Shortly after passing Rannoch Moor we found ourselves pulling over for spectacular views of Glencoe Valley and the Three Sisters, a trio of uniquely formed mountain peaks. This valley has quite the tragic history, dating back to 1692, the year of the Glencoe Massacre. To understand what truly happened on that cold, snowy day in February, you have to take a look at something called Highland Hospitality. This is the tradition that states no one in the highlands would be turned away, for any reason, if they requested aid in poor weather – a basic code of ethics that showed highland dwellers’ compassion in what could be extremely harsh conditions. Sort of like running to home base in a heated game of playground tag, but with a lot more angry men in kilts.
I may have gotten a little distracted by that mental image.
Anyway, when William of Orange succeeded the throne of Scotland and England the clan leaders were given until Jan 1st, 1692 to pledge their allegiance to the nearest civil authority. Well, the elder of Clan MacDonald waited until the last minute to head out to Fort William, where no one was present with the authority to accept his signature. So the chief sets out for Invarary. Only problem is that it’s a seven day ride and there are a few blizzards to contend with along the way, so needless to say he missed the deadline. Procrastination strikes again. But no worries, his excuses were accepted and so was his signature. Or was it? The powers that be in the capital didn’t feel so lenient. The secretary of state issued an order for the military punishment of the clan and soon after over 100 Argyll soldiers, including members of the rival Campbell clan, sought shelter with the MacDonalds. The troops enjoyed the MacDonald’s hospitality for two weeks, and it was under this guise that the soldiers launched a savage attack on the MacDonald clan as they slept. 38 clan members died in the surprise attack, while the rest fled into the valley of Glencoe, where many more died of exposure in the snow covered hills. To this day, a bitterness still exists between the two clans, and although it was not only the Campbells who participated in this horrific act, there was a betrayal of highland tradition that will always be remembered.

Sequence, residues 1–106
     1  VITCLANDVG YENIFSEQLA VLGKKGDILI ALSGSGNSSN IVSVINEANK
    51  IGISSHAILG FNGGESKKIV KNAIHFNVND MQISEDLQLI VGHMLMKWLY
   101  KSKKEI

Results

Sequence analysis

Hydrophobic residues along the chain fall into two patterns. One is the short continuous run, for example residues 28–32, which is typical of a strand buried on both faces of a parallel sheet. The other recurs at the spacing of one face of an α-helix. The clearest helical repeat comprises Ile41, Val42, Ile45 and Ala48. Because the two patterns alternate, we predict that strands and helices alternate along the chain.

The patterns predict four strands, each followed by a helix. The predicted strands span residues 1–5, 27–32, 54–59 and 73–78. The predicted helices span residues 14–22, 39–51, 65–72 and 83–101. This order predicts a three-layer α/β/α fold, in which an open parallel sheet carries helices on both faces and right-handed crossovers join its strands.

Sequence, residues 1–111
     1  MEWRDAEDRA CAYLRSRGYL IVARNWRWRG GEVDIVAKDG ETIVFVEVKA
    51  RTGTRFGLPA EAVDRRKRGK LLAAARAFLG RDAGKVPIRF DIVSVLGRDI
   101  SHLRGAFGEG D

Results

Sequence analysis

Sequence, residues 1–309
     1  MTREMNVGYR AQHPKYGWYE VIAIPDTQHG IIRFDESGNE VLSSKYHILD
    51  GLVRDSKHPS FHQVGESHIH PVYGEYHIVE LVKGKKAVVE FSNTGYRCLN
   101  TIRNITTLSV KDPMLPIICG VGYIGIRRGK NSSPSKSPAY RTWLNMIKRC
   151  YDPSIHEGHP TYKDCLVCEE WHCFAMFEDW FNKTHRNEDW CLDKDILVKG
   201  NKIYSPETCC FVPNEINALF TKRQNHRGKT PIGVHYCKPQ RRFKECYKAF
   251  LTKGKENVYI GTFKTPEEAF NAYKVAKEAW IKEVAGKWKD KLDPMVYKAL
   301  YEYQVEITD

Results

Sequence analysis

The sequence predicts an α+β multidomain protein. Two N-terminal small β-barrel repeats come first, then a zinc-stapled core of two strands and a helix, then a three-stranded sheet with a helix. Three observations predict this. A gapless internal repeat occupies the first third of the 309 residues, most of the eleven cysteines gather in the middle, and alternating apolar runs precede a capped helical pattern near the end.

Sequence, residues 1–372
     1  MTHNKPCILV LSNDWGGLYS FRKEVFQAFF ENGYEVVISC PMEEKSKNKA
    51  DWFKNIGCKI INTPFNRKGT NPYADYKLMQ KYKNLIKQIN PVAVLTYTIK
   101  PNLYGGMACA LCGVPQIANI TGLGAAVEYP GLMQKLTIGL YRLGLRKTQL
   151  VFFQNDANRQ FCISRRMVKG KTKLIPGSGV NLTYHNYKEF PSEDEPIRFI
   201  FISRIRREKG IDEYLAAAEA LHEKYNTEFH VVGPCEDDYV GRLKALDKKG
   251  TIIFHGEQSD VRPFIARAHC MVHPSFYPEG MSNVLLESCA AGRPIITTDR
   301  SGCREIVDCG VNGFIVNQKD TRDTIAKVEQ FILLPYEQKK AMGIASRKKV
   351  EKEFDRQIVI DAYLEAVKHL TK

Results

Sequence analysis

After our stop in this haunting and beautiful valley we reached the village of Glencoe, where we wandered about and waited for shops to start opening. If you happen to arrive at a more reasonable hour be sure to stop in to the Glencoe Folk Museum, it’s the long white cottage with the traditional thatched roof. We posted up in the Glencoe Cafe to watch the rain as it began to drizzle down and enjoyed some delicious coffee while we hunted for accommodations on Skye.
With a destination decided for Skye and the sun starting to peek through, we made for Glenfinnan Viaduct – that’s right, folks, the Harry Potter bridge. This wasn’t my first rodeo, and at this point I was thoroughly enjoying showing Mimi my favorite highland spots while she pretended to lead an imaginary tour group. The guide was a lot of fun, but the information was questionable at best.
While you’re here, be sure to cross the street from the visitor’s center to the Jacobite monument on the shores of Loch Shiel.
From Glenfinnan we moved on to Eilean Donan Castle, and the bridge to Skye. But not before a few pictures at Loch Lochy, to commemorate our visit to a place essentially called Lake Lakey. Priceless.
We arrived at Eilean Donan Castle just a bit too late to pay for entry, but we still got some amazing photos before rushing over to the nearby community center to make use of the facilities, a very popular choice it seemed. Eilean Donan sits on it’s very own island connected to the mainland by a long stone bridge. You know it from Highlander, or just from the fact that it’s the most photographed castle in the world.
And with that we found ourselves crossing the Skye Bridge, which is an experience in and of itself. The bridge is free to cross, so if you have a car I definitely recommend it over a ferry. The incline of the bridge gives you the illusion, for a brief moment, that you’re climbing directly into the sky over Loch Alsh. And between the friendly locals, fresh food, and breathtaking nature, once you make it onto the island you’ll never want to leave.